3 Ways to Pet-Proof Your Kitchen

3 Ways to Pet-Proof Your Kitchen

According to a survey undertaken by the PDSA, 54% of UK adults own pets. Unsurprisingly, perhaps, cats and dogs are the most popular with 26% of UK adults owning dogs (that’s 10.1 million dogs) and 24% of UK adults owning cats (that’s 10.9 million cats). 

That’s a lot of cats and dogs (21 million, to be precise). 

There are two types of cat and dog owners – those who are used to never eating a meal that doesn’t contain fur and happily turn a blind eye to paw prints on their worktops and those who absolutely freak at the idea of even a single hair entering their pristine kitchen, let alone paw prints on their gorgeous marble worktop from TOPSCO.

Even if you don’t mind your furry friends hanging out with you while you’re dishing up your dinner, it’s really not a good idea to encourage your pets to spend too much time in the kitchen. 

In fact, pets in the kitchen should be positively discouraged, so here’s how you can pet-proof your kitchen. 

Remove temptation

If you leave out an unattended cream-covered cake in the kitchen, you can expect to find two things on your return. One, a once-cream-covered cake now covered in lick marks and barely any cream; and two, a cat that very much looks like the cat who got the cream. 

Yes, I speak from experience. 

To be fair, you can’t really blame your pets for taking advantage of your – let’s be blunt here – stupidity at leaving food out in pet-height plain sight. There’s a reason why one of the classic comedy sketches is of a dog gleefully making off with a string of sausages that were left on a countertop – because it happens. 

So, don’t leave food out and don’t leave cabinet or fridge doors open where your pets can help themselves to whatever goodies you’ve got stashed away. Pets can be determined when they want to be though, so keep food in cabinets inside sealed containers to ensure the contents are safe from prying noses.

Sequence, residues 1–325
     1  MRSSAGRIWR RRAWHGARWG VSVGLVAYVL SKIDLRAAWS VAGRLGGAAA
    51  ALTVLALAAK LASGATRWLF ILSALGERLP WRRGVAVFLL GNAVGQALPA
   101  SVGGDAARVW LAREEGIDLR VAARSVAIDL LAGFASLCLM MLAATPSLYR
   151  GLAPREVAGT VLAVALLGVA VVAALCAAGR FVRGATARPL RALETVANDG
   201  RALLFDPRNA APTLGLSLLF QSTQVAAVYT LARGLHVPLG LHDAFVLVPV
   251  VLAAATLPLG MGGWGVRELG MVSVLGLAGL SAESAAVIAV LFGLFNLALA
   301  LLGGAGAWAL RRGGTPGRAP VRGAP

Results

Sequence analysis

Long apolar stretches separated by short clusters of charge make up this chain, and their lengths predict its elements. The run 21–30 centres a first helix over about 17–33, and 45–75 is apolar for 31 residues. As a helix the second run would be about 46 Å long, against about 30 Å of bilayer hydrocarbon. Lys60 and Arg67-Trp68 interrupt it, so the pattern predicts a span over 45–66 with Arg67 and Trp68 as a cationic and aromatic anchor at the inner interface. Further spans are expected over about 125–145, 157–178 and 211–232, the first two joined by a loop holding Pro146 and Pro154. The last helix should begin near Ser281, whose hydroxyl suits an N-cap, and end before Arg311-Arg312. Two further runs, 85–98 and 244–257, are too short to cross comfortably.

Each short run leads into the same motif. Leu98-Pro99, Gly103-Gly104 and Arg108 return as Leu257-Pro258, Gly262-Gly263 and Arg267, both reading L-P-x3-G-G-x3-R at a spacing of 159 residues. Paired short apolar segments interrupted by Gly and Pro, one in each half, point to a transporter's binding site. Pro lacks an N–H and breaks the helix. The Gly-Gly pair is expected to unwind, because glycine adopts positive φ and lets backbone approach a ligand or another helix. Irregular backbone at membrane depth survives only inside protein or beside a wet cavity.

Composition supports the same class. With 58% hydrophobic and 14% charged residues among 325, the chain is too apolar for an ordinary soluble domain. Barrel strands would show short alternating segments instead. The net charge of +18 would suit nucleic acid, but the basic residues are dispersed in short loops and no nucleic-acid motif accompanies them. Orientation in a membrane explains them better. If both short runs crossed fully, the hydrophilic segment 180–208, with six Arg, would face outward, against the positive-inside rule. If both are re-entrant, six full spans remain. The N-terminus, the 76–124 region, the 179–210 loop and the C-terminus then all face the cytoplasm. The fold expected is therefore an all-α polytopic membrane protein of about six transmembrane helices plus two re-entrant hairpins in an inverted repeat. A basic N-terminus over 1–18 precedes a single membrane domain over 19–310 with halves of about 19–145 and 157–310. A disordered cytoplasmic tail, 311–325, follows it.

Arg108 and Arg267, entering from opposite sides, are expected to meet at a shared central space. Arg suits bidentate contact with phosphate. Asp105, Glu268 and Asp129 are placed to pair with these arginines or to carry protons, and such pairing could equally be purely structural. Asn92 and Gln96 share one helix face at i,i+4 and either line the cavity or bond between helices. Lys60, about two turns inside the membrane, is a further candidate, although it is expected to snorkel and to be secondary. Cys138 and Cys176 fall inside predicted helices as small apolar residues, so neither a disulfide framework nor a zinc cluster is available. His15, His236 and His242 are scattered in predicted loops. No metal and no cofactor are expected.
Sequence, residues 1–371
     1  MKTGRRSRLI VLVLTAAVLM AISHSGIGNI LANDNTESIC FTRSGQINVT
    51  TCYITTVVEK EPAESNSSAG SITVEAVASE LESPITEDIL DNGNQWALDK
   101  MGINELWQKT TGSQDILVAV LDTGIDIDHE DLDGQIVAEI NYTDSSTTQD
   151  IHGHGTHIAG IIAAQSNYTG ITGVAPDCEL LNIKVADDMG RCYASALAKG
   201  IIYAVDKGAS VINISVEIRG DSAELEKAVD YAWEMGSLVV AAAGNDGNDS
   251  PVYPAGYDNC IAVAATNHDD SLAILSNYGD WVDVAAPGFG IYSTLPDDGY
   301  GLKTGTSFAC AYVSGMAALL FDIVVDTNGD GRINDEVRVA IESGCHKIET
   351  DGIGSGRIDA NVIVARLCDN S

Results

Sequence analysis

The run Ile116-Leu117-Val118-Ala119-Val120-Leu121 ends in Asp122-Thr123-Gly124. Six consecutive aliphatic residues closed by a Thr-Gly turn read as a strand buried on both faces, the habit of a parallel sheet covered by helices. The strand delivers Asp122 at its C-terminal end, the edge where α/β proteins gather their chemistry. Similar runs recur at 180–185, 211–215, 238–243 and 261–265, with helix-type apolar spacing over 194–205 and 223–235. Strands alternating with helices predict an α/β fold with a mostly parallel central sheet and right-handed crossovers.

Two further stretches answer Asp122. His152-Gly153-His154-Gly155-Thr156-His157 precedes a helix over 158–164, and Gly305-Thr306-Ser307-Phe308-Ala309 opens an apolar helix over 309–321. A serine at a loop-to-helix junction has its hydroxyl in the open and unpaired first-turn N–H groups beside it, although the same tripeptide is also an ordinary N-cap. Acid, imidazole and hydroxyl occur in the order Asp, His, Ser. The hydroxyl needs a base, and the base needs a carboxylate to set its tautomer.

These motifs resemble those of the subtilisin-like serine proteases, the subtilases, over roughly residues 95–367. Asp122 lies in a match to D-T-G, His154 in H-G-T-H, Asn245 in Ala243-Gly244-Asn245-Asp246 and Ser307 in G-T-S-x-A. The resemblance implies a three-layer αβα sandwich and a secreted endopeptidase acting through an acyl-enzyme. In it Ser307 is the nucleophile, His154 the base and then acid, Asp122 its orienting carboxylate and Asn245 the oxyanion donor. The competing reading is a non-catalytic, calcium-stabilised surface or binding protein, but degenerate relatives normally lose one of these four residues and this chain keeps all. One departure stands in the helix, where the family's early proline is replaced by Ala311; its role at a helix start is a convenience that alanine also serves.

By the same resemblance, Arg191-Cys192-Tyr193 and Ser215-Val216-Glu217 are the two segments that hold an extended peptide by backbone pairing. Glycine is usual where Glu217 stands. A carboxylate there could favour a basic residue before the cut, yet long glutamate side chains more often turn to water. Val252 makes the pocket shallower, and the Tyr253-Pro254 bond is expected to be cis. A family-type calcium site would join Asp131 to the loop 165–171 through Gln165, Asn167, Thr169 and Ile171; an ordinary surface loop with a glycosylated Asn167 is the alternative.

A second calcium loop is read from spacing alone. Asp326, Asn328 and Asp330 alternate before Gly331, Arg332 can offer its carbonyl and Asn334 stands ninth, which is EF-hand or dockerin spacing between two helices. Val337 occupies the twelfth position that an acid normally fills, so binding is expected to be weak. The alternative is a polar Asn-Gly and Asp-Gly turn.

Keeping food out of sight isn’t just to spoil your pet’s fun by spoiling your dinner, it’s also to stop them eating food that can be toxic or poisonous. For example, both cats and dogs should never eat chocolate, while grapes and raisins can cause liver and kidney damage to dogs (and grapes and raisins aren’t great for cats, either). 

Remove danger

It’s not just food that can be a danger to cats and dogs – kitchens are dangerous places for humans, let alone nosy pets. 

If you’re getting an upgraded kitchen (lucky you!), consider an induction hob. Induction hobs only get hot when they’ve got special induction pans on them and the rings cool down quickly, unlike gas or electric hobs. 

Induction hobs are also easy to wipe clean, so if you do find the odd paw print or tuft of fur on the hob’s shiny black surface, it can be removed easily. 

Knives are also a danger in the kitchen, so keep knives in a heavy block that can’t be knocked over by a nosy paw or swishing tail. And while we’re on the subject of knives, a greedy dog will be far more interested in the tasty food that’s on a knife that’s just been used, than any danger aspect, so never leave a used knife unattended either on the worktop or in a dishwasher that’s been left with the door open. 

Keep your pets busy while you’re cooking

Pets love hanging out with their humans and aren’t deterred easily. You can pick them up and put them in another room as many times as you like but they’ll soon be back to see what you’re doing. 

While this is undoubtedly cute, if you’re in the middle of making dinner, it’s not a great idea to have four-legged companions about the place. Pots and pans containing boiling water or scalding oil are too easy to knock over when you’re trying to cook around your cat and there’s also the danger of tripping over the dog if it decides to lay down at your feet. 

Keep your pets busy by giving them their dinner while you’re making yours. If there’s one thing a pet loves as much as their humans, it’s food. You can also distract them with toys and games or if you get really desperate, shut them out in the garden while you’re cooking. 

These are just a few ways that you can pet-proof your kitchen, helping you to get fur-free meals and preventing any injury to your cat or dog. 


Rachel McAllister